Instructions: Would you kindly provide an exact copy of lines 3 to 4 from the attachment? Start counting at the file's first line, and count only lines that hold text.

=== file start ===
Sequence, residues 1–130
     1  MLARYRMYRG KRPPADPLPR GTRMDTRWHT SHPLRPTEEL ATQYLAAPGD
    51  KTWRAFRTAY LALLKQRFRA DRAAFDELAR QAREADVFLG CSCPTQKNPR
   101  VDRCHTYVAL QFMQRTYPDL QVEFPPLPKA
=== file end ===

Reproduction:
    51  KTWRAFRTAY LALLKQRFRA DRAAFDELAR QAREADVFLG CSCPTQKNPR
   101  VDRCHTYVAL QFMQRTYPDL QVEFPPLPKA